Unfortunately for the genre, sports dramas have mostly been governed by the same template, marked with squares and bevels, that marked movies like ‘Hoosiers: More Than Idols‘. You can modify it in part -changing the ending towards a full victory or towards a defeat that tastes of satisfaction-, but it falls off in the same common places to be effective, even if it takes the shine off in the end.
Basketball dramas have been among those that have suffered this impact the most -after all, ‘Hoosiers’ is about basketball-, and it is difficult to find some that break the mold or that dare to propose something fresh with such a free sport within its four corners. Perhaps that is why the best film of this type of sport, or one of the best, is one that is already 30 years old and does not seem like it will come down from the top any time soon – not even films like ‘Claw’ come close. We talk about ‘The whites do not know how to put it‘, available on Disney+.
They give the blow
When the Oscars held this year decided to pay tribute to some of the most famous films that were celebrating their anniversary, they highlighted ‘The Godfather’ (50 years), ‘Pulp Fiction’ (30 years)… and also ‘Los Blancos la they know how to meter’, which also celebrates its 30th anniversary. You can crash that a comedy is on the same level as two of the most acclaimed movies of all time. But, to be fair, there have been few comedies like this one.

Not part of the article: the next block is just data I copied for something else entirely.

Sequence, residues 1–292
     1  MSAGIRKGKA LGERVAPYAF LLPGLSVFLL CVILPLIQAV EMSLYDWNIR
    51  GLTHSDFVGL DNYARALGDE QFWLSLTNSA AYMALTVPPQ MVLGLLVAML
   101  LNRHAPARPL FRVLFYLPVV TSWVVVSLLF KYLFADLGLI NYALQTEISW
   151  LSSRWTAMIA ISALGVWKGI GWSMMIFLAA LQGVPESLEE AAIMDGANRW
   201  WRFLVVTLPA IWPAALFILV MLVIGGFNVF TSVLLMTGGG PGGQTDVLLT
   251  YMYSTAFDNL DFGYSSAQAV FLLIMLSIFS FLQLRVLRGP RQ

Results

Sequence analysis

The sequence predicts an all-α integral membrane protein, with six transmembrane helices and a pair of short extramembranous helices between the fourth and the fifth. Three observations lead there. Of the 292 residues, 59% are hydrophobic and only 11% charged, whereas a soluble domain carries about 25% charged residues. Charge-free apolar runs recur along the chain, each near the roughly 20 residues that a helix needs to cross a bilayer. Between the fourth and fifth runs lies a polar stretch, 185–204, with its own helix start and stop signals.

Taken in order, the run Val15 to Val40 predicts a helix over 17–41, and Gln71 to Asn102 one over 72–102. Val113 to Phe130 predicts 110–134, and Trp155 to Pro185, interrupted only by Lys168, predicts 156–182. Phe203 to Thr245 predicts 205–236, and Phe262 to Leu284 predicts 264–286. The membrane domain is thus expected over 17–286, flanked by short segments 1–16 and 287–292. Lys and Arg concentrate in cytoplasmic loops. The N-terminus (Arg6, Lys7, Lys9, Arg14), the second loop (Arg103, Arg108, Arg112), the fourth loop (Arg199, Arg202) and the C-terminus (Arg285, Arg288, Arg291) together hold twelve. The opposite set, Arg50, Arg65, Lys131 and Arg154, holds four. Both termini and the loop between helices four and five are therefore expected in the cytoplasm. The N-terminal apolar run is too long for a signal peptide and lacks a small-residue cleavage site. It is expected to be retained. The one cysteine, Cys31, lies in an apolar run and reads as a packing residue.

The film takes us into the heart of the games of street basketball, where the pace flows fast, harsh language is the order of the day and the players try to get ahead with scams to fleece the less clever. In this context, the character of Woody Harrelson, who quickly stands out for his white appearance to a majority of African-American players. the character of wesley snipes sees a perfect cousin to break, but runs into someone of similar talent.
From there, a series of scams and contracts will begin to try to get out of the poverty hole. Snipes searches for a good place to raise a family, while Harrelson and his girlfriend, played by Rose Perez, they are in trouble before a debt maintained with some gangsters. They all have urgency, they all have dramatic circumstances… And they all have a very remarkable charisma.
‘The whites don’t know how to put it in’: wonderful move
The film is full of hilarious situations, and the actors are especially inspired to land the funny lines, though there are several aspects that make the film a bit more daring. Ron Sheltonwho signs the script and directs it, pays interesting attention to the contexts, to the evident racial discrepancies between the two protagonists, and makes a interesting drawing on the racial issue in the United States without it dominating the entire story.
All this leaves us with a film that both makes an interesting observation about the structural problems of his country as does a hilarious sequence with Rosie Perez in a TV game show. The combination that she makes is very risky, but ‘The whites don’t know how to put it in’ achieves more than an impressive basket on the buzzer. She is a wonder that dominates both sides of the track and offers a show that few have managed to match. Wonderful play.